Hmmm...the following comes to mind:
1. Mix it up with some sausage (and cheese) and eggs and serve it that way
2. Try rinsing it off really well before cooking it, in case you can rinse some of the salt away?
It is mostly too fine to rinse reasonably--anything that the water can drain through, these grains can drain through.
I'd go with some good cheddar. Or, cut the salty stuff with some other non-salted porridge? Porridge Helper?
I was about to suggest brown rice and/or quinoa.
2011-03-02 02:15 pm (UTC)
Totally got your analogy. :)
HRm. Couple of things come to mind, one of which may be "not put up with nonsense"... mix in some cheese and fry them like potatoe cakes/hashbrowns, and make them a side for dinner.
I'm not clear if you fruited it yet? If you did, then the above and my other thoughts will probably not work/be yucky.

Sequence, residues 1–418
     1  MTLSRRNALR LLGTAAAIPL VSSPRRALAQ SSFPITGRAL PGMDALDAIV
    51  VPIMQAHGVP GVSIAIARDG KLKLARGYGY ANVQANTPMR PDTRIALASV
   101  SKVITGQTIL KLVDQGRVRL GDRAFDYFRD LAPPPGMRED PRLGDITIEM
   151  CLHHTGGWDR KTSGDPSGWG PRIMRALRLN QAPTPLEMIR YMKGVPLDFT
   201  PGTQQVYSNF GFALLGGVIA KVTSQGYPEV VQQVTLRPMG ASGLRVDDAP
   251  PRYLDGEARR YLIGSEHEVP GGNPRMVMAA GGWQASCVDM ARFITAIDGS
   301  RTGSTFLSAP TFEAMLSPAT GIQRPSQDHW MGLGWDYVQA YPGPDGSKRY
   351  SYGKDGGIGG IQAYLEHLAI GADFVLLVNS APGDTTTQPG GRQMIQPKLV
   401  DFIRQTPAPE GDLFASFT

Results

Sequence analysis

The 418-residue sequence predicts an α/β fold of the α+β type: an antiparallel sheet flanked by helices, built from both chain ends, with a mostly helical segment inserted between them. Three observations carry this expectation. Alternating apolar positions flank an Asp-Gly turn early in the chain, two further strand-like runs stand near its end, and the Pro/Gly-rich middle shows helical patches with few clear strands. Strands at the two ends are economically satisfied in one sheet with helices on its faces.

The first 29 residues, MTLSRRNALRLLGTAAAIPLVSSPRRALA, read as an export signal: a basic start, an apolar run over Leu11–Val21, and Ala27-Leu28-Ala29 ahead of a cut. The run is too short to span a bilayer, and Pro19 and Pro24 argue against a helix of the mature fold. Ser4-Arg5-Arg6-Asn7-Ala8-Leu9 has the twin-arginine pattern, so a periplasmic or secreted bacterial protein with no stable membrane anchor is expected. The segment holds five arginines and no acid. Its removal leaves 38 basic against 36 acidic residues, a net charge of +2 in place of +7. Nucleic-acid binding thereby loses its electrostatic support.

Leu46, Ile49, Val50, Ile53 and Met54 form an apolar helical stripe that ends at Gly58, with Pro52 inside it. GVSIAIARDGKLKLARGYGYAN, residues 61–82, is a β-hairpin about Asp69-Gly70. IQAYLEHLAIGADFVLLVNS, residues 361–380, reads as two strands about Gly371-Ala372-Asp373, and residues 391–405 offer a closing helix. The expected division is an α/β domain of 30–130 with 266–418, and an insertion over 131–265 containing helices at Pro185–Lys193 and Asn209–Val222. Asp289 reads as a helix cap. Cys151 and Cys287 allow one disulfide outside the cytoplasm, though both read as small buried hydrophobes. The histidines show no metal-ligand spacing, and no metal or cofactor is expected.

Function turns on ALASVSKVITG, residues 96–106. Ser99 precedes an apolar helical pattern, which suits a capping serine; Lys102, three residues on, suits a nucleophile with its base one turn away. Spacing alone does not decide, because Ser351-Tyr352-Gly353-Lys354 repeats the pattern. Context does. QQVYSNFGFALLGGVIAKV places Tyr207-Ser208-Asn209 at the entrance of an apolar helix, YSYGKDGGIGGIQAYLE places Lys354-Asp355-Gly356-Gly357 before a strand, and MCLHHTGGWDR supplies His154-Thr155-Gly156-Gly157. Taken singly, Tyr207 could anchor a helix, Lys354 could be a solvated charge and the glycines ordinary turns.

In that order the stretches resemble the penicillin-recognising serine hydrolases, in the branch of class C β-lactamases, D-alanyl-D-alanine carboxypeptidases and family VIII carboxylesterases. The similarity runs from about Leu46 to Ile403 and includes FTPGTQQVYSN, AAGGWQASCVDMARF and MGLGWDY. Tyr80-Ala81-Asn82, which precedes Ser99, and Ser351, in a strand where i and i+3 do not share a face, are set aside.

Depending on the grains, could it become a soup base?
Toss in some barley/oats/something to stretch it and make it not salty/spread the salt around.
2011-03-02 02:25 pm (UTC)
Re: Totally got your analogy. :)
I only made one bowl of them, so while I fruited that, the rest can be done without fruit.
What if you called it "multigrain risotto" as a dinner side with cheese mixed in? Would that fly?
Lunch with sprouts sounds very tasty. We kind of love roasted sprouts around here.
Hee. It's the thing, not the label, I expect markgritter
in particular would object to: he has texture issues about anything he considers "mushy," which includes mashed potatoes, pudding, and (I strongly suspect) any porridge with grain this small.
2011-03-02 02:49 pm (UTC)
If I had a salty porridge problem....
I would mix in some parmesan cheese and serve it with a lightly fried egg and some chunky tomato sauce. In my household this will fly for any meal -- of course Bill would eat a radiator hose if you melted enough cheese on it and is a grits-loving Southerner, so this may not be very helpful.
2011-03-02 03:25 pm (UTC)
Re: If I had a salty porridge problem....